It doesn’t matter how you win or what you do behind closed doors if you fit this ideal. In fact, you can don a white robe and burn crosses – as some do – or you can have indiscriminate sex, lie and cheat your way into political position, and double/triple deal with the powers-that-be to maintain your status. Just don’t make the mistake of being Black or Brown-shaded. Or Italian or Irish – which is White but not American. Or gay, which is unspeakable. Or Jewish, which goes without saying.
No doubt, Mr. Affleck will be receiving a lot of credit once the film opens in NY and L.A. on Christmas Day and then across the country in January for his foresight into what looks to be the WHITEST Christmas contemporary America has seen in decades, climate change notwithstanding. But as he readily admits, nothing could be further from the truth.
After winning the Best Picture Oscar for Warner Bros.’ Argo, he pretty much had his pick to do anything he wanted with anyone he wanted (Note: Take that in any and every context you like). But at a time when we were at the height of Barack Obama’s presidency, he decided to choose a period novel about immigrants because “America is a place of immigrants and…a patchwork of immigrant goals.” And it was a subject that constantly and consistently intrigued him (Note: And you wonder why we liberal elite applauded).
Of course, it was exactly that theme that troubled others about the commerciality of the project. Do we do a period movie about themes that we have pretty much dealt with over the decades? Eh. Well, Ben did just win the Oscar, he’s starring, he’s made some good films. Oh, and wait – he’s agreed to be Batman!!! Okay, I made up that last conversation and have no idea whether it was a quid pro quo for him to do Warner Bros’ Batman v Superman in exchange for the green light on this one. Still, even if there wasn’t — there is an implied mutual reciprocity in the business of show. You do one for me in my corner and I’ll give you one for you in your corner.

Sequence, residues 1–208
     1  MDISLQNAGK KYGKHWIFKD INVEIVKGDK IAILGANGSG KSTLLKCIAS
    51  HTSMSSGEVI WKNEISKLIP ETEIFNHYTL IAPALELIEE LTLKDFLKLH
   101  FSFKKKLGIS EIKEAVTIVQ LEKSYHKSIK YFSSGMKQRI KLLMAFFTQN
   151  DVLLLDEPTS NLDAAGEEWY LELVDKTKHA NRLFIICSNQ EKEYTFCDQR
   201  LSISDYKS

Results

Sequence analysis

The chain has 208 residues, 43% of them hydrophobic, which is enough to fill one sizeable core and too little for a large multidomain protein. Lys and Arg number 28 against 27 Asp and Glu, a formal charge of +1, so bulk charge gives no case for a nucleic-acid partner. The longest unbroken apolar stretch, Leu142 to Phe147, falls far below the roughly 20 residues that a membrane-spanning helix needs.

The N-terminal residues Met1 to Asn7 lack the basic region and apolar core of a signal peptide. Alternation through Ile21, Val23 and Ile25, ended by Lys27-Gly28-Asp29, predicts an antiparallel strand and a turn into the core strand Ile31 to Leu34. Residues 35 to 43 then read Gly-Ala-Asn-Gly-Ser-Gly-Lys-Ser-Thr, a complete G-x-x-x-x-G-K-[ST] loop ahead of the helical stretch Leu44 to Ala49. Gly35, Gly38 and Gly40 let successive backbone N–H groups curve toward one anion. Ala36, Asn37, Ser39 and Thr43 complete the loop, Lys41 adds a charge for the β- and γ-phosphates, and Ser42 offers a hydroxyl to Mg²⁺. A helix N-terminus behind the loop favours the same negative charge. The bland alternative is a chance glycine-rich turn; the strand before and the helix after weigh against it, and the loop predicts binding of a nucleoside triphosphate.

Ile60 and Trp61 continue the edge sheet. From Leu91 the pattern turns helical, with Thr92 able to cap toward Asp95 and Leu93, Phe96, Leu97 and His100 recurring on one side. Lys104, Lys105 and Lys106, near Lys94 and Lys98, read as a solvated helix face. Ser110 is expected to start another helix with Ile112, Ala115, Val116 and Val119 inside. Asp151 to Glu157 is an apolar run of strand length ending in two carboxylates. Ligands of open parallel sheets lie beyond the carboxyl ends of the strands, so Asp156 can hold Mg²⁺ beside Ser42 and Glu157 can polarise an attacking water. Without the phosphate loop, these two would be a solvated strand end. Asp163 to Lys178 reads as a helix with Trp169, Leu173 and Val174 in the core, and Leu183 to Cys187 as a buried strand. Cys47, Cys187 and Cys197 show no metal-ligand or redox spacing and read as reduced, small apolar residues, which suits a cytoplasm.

Come to think of it, that’s no so different than the way it is in the real world (which show biz, isn’t) and in the upper echelons of our old, and certainly new government (which many of us kind of wish wasn’t real but sadly, most certainly is).
Yes, everyone’s been saying how timely this all is now but not at the time we were doing it. We didn’t know…I didn’t vote for Trump but I do know a few people in my life who did and I’m trying to understand them. – B.A.
That makes Ben a much better man than I am at the moment. I’m not saying I won’t eventually get there but I’m not even close to it yet. For what I believe at the moment is that I really do understand a lot of Trump voters – the anger, the eagerness to blame those “different” for your loss of money, power and perceived “station” in the world. I can’t help but comprehend and I currently hesitate to deny that ugliness because as a gay Jew who went to an integrated school in a big American integrated city with kids who were Black, Brown and yellow-skinned, and multi-ethnic white in origin, I’ve seen and experienced it all countless times before – and at a very young age. What’s so shocking and insidious to me is that it so fervently continues now – and that it will be a Hollywood gangster movie set in the 1920s and 30s that is the first widely released film in 2017 to address it in any kind of mass commercial artistic way.